Largest genetic study of Anopheles gambiae highlights spread of insecticide resistance

The largest genetic study of mosquitoes has revealed the spread of insecticide resistance between regions in Africa and has uncovered several rapidly evolving resistance genes. It is hoped these findings could lead to genetic tools for monitoring resistance and managing insecticide use.

The study, published recently in Nature, was part of the Anopheles gambiae 1000 genomes project (Ag1000G). Led by the Wellcome Trust Sanger Institute (Cambridge, UK) in collaboration with 20 other institutions, the project was established in 2014 to sequence the genomes of mosquitoes collected from across Africa.

The researchers discovered that the A. gambiae mosquitoes collected in Africa were genetically more diverse than previously thought, which may explain the rapid evolution of resistance.

Mosquito control efforts have previously relied on insecticide-treated bed nets and insecticide spraying, making evolution of resistance a threat to malaria control in Africa, as author, Martin Donnelly (Liverpool School of Tropical Medicine, UK) explained: “We know that mosquito populations are rapidly evolving resistance to insecticides, which is a serious threat to the future of malaria control in Africa. We have been able to see that a diverse array of genes linked to insecticide resistance are under very strong selection, confirming that they are playing an important role in the evolution of insecticide resistance in natural mosquito populations. Our study highlights the severe challenges facing public efforts to control mosquitoes and to manage and limit insecticide resistance.”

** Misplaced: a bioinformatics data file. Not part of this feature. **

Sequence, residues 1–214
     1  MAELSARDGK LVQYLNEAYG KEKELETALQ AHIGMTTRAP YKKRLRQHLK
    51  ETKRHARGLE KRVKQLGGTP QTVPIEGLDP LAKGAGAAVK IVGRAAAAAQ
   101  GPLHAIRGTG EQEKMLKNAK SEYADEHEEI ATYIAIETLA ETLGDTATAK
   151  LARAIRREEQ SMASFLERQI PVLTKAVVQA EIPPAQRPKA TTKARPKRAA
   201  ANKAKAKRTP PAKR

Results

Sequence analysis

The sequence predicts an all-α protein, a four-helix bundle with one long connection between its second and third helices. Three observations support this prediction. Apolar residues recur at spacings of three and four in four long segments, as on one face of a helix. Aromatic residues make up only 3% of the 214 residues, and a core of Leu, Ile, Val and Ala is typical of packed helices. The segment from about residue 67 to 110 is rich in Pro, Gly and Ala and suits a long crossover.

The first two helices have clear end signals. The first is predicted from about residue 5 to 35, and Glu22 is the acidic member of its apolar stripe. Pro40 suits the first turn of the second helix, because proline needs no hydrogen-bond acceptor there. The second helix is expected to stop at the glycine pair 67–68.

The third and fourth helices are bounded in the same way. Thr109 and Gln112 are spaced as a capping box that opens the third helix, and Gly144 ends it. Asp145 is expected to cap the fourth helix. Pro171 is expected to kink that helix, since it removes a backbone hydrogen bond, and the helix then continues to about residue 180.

There is research ongoing into novel control strategies, for example, using CRSPR–Cas9 to make mosquitoes infertile. However, the team commented that gene drive might be unlikely to work in these mosquitoes due to the high genetic variability, although their work did highlight less variable targets that potentially could be more suitable.

Author, Mara Lawniczak from the Wellcome Trust Sanger Institute, commented: “The diversity of mosquito genomes was far greater than we expected. Such high levels of genetic variation poise mosquito populations to rapidly evolve in response to our efforts to control them whether that be with insecticides or any other control measure, including gene drive.”

Lead author, Alistair Miles, (University of Oxford, UK and the Wellcome Trust Sanger Institute) concluded: “The data we have generated are a unique resource for studying how mosquito populations are responding to our current control efforts, and for designing better technologies and strategies for mosquito control in the future. More data will be needed to fill in the geographical gaps and study how mosquito populations change over time and in response to specific control interventions. However, this study demonstrates a clear path towards building a new and much-needed source of intelligence to support the campaign to eradicate malaria in Africa.”



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